“The overall certainty of the evidence was graded as ‘low’ for CVD incidence and ‘very low’ for all other outcomes.”

They continue, “Current evidence shows that dietary pulses with or without other legumes are associated with reduced CVD incidence with low certainty and reduced [coronary heart disease], hypertension, and obesity incidence with very low certainty.”

Nutritional difficulties

One of the primary issues that scientists face when investigating nutrition and health is residual confounding. For instance, if someone eats more legumes than average, they might also eat more vegetables in general. Conversely, someone who eats few legumes might eat less fruit and vegetables overall.

If this is the case, it is difficult to pin any measured benefits on the legumes, specifically. They might simply be due to the increase in plant food overall.

Similarly, someone who eats particularly healthfully might also be more likely to exercise. Understanding whether the legume, the overall dietary patterns, or the entire lifestyle influences any given health outcome is verging on impossible.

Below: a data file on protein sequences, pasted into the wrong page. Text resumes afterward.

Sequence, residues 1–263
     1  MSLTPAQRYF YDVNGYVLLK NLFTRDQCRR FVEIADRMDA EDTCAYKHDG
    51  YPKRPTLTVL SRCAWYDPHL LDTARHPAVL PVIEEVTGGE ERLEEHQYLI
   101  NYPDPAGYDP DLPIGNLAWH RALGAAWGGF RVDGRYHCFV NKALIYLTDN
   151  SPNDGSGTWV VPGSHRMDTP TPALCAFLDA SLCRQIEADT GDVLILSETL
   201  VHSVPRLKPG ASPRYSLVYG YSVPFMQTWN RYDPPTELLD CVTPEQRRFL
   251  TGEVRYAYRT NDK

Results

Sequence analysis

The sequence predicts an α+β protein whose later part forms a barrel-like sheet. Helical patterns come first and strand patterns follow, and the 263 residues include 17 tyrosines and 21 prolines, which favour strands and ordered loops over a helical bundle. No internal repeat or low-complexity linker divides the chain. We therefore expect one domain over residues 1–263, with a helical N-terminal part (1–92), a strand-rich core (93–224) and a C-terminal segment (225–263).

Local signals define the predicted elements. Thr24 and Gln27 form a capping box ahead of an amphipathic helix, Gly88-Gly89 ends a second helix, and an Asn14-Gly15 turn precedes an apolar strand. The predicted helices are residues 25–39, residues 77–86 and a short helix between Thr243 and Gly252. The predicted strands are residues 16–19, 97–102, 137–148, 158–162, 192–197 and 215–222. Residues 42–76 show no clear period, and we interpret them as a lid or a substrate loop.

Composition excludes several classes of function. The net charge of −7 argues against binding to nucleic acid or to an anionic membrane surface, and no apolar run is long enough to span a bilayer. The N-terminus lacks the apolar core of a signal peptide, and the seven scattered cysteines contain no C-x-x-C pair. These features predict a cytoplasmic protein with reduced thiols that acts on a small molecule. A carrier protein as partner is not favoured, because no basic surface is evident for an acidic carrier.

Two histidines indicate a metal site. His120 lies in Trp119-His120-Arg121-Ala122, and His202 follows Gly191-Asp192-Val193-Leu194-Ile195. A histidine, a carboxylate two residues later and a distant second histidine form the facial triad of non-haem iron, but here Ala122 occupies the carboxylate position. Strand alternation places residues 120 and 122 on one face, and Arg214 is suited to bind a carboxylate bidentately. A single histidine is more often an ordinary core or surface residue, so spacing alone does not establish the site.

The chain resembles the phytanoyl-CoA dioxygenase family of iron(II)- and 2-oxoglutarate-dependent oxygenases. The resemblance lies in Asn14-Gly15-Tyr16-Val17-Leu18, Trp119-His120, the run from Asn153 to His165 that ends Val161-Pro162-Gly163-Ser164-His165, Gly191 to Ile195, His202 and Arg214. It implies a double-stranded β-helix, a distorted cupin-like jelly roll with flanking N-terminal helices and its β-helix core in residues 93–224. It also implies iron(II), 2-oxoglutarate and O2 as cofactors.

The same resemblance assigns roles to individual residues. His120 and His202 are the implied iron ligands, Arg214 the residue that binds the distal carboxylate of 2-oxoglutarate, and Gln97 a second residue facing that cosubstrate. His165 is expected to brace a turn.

Another problem centers around self-reporting food intake. Human memory, as impressive as it is, can make mistakes. One paperTrusted Source on this topic states that self-reports of food intake “are so poor that they are wholly unacceptable for scientific research.”

Studies attempt to minimize the influence of these factors as much as possible, but it can be challenging. As the authors explain, “Despite the inclusion of several large, high quality cohorts, the inability to rule out residual confounding is a limitation inherent in all observational studies.”

Despite the difficulties, overall, the authors believe that increasing legume intake could improve the heart health of the population of the United States.